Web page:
David made a point of telling absolutely everyone he met on his journey about SCAD, helping raise awareness, and he obviously made an impact. “One chap I met, Edwin, an expert in malaria research at Plymouth University, cycled with me from Roscoff to Morlaix, helping to carry my bags,” he said. We said goodbye at Morlaix and on his return to UK he donated £50!”

Steep challenge

On his designated day off he met two rugby players, who offered him £200 to ride up Mont Ventoux. He was also challenged to wear a tricolor club jersey (see photo). He accepted both challenges.


David at the top of Mont Ventoux – this challenge raised an extra £200

“The climb is a renowned killer with a 9% hill for 22km. It took me 2 hours 15 minutes to ride up that hideous climb, but it was worth £200 for the cause,” he said.

Towards the end of the challenge, he cycled from Gorges de L’Ardeche to Vaison la Romaine. “After the climb out of the gorge, the most stunning road opened up and the ride along the top of the gorge was simply the most spectacular I have ever ridden. After the gorge, we then crossed the Rhone and into Provence following the mighty Mont Ventoux with its white stone cap. The heat was intense – at 39ft my water bottles were really warm, which made hydration tough and no businesses were open and the roads and streets deserted.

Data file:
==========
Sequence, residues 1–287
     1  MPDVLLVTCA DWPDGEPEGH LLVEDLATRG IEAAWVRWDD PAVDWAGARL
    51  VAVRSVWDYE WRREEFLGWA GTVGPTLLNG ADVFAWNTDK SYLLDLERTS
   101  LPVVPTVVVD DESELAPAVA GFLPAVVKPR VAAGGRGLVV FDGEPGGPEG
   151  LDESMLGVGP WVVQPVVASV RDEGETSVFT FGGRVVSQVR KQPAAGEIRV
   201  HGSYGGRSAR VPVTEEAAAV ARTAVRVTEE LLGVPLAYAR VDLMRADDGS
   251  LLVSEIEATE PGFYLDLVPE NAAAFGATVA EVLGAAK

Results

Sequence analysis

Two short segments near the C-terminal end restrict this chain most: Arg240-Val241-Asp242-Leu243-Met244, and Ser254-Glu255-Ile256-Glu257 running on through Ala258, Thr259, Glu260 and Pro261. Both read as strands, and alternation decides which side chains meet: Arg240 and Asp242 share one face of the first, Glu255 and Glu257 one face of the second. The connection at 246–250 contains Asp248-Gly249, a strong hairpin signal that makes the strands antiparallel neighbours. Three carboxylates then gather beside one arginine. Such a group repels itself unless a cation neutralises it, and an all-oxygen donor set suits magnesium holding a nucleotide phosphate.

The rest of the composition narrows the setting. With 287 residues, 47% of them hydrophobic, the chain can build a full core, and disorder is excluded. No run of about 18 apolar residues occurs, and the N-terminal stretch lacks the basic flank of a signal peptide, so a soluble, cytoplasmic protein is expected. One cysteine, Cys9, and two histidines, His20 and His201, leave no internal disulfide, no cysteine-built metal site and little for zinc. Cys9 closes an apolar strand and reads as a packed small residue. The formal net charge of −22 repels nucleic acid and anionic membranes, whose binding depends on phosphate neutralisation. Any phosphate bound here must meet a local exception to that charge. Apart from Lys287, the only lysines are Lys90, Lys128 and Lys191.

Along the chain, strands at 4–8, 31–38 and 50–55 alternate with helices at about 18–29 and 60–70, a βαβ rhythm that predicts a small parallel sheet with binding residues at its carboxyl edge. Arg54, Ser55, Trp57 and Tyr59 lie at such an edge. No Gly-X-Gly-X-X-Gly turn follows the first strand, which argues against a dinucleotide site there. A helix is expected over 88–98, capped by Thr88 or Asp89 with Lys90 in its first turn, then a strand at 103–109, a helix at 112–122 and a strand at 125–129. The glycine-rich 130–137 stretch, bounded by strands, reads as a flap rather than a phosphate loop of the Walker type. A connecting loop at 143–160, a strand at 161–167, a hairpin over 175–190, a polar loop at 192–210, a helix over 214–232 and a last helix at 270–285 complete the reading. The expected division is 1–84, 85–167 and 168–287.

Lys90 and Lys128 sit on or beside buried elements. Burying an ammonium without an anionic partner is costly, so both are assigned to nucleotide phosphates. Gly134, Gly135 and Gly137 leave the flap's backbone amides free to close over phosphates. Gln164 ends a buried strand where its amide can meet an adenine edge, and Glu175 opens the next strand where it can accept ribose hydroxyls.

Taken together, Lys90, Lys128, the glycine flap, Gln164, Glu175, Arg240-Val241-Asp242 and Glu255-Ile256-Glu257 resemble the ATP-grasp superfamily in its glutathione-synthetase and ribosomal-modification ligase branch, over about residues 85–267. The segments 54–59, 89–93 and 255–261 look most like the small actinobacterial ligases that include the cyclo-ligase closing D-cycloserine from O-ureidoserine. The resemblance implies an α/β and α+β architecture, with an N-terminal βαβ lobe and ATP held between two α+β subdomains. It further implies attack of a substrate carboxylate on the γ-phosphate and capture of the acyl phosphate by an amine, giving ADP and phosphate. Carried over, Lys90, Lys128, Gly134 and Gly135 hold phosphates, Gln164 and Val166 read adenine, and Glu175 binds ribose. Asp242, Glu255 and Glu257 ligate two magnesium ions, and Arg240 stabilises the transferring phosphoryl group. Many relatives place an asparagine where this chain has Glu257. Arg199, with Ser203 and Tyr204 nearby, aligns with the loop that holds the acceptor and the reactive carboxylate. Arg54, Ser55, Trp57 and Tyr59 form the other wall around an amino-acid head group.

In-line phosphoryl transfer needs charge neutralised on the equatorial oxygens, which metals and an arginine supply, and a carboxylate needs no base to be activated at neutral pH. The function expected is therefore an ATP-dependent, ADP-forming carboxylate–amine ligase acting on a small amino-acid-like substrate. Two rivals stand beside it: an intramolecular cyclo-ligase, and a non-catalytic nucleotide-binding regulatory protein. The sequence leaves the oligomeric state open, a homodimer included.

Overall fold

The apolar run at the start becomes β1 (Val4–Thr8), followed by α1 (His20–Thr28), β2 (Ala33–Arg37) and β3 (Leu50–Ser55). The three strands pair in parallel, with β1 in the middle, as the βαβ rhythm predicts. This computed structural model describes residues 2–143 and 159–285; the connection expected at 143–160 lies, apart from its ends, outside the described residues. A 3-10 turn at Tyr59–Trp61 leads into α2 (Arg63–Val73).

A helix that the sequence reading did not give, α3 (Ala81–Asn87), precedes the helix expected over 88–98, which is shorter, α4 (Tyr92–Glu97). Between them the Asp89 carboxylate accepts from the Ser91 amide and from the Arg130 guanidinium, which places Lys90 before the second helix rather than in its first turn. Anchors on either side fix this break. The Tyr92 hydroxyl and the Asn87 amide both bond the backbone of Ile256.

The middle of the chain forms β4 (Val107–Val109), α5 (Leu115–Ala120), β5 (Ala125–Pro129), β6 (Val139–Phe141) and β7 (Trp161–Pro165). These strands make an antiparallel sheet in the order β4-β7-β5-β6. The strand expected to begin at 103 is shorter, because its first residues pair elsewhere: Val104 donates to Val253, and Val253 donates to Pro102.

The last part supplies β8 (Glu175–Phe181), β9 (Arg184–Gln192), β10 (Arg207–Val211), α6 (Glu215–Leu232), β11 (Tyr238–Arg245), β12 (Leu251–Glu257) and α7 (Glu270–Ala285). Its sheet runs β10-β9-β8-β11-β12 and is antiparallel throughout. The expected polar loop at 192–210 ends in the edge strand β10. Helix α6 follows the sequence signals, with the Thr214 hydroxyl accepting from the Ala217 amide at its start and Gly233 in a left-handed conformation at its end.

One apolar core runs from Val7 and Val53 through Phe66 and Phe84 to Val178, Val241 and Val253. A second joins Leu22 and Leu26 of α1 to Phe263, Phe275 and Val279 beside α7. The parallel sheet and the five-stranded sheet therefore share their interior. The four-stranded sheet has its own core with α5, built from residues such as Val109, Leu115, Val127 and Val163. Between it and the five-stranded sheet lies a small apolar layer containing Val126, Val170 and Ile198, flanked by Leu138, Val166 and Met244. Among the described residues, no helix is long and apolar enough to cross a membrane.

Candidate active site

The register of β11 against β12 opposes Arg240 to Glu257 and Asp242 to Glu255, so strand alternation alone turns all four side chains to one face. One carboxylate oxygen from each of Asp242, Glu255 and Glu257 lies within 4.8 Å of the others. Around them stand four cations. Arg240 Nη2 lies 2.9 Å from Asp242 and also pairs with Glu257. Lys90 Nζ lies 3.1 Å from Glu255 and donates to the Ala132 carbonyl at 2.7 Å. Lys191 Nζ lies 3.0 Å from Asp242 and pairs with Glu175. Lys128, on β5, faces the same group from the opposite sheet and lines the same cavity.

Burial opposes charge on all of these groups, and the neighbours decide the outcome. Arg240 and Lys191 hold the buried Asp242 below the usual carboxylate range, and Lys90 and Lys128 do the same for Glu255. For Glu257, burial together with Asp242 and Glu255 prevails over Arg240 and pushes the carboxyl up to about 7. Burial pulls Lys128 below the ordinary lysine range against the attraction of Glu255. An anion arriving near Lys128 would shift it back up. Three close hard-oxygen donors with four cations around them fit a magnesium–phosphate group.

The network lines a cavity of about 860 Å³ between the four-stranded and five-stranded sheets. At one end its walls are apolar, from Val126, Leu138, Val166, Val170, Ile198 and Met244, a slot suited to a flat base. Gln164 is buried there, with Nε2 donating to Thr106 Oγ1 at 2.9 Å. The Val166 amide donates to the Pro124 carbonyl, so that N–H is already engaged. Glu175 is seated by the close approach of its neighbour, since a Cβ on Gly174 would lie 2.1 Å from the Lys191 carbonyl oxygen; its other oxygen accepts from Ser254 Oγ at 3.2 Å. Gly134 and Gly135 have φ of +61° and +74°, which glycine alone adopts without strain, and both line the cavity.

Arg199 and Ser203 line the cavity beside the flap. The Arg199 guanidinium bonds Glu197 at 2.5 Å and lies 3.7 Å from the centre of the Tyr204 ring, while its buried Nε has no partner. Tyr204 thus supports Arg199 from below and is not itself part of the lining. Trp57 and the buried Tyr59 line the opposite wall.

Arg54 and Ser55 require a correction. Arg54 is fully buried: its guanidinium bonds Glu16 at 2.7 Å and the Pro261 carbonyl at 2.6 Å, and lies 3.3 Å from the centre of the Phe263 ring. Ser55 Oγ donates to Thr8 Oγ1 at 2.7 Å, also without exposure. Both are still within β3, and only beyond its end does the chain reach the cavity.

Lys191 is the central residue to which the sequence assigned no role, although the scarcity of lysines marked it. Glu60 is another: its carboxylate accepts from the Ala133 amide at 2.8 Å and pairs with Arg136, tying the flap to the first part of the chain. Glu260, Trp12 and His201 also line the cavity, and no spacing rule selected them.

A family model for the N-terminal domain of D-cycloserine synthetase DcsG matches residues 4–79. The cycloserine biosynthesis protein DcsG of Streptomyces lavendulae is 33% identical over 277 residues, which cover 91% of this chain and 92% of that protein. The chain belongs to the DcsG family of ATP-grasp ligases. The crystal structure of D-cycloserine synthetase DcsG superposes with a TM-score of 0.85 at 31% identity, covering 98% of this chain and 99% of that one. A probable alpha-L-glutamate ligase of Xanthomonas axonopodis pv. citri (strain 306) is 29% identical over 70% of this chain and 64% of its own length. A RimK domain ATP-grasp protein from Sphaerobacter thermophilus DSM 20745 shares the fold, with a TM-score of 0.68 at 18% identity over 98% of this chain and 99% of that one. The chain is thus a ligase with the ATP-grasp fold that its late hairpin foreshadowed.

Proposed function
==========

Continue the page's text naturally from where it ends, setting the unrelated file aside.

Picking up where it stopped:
“The journey became painfully slow but eventually we made the hotel and, with 2 litres of cold water drunk, the dizziness passed. I’ve never known a taste so sweet as that cold water and it will be one of my top memories.

“Total miles ridden 926!”

On the penultimate day, David had “a spectacular day riding through the Gorges Du Verdon, in south-eastern France. It’s a river canyon with loads of man-made beaches along the edges and it is considered to be one of Europe’s most beautiful areas – I would have to agree it’s stunning! It is about 25km long and the granite walls tower above and in places overhang the road. Awesome scenery throughout, which eased the gradient! Total miles ridden 1,069.”

David completed his cycle in the beautiful city of Nice on 24 July – saddle sore, aching but celebrating his fantastic achievement.

Dave at the end of his mammoth ride in Nice

Dave at the end of his mammoth ride in Nice

The generosity of the people he met and those who have donated via his Just Giving page has been fantastic, but one man stuck in David’s mind.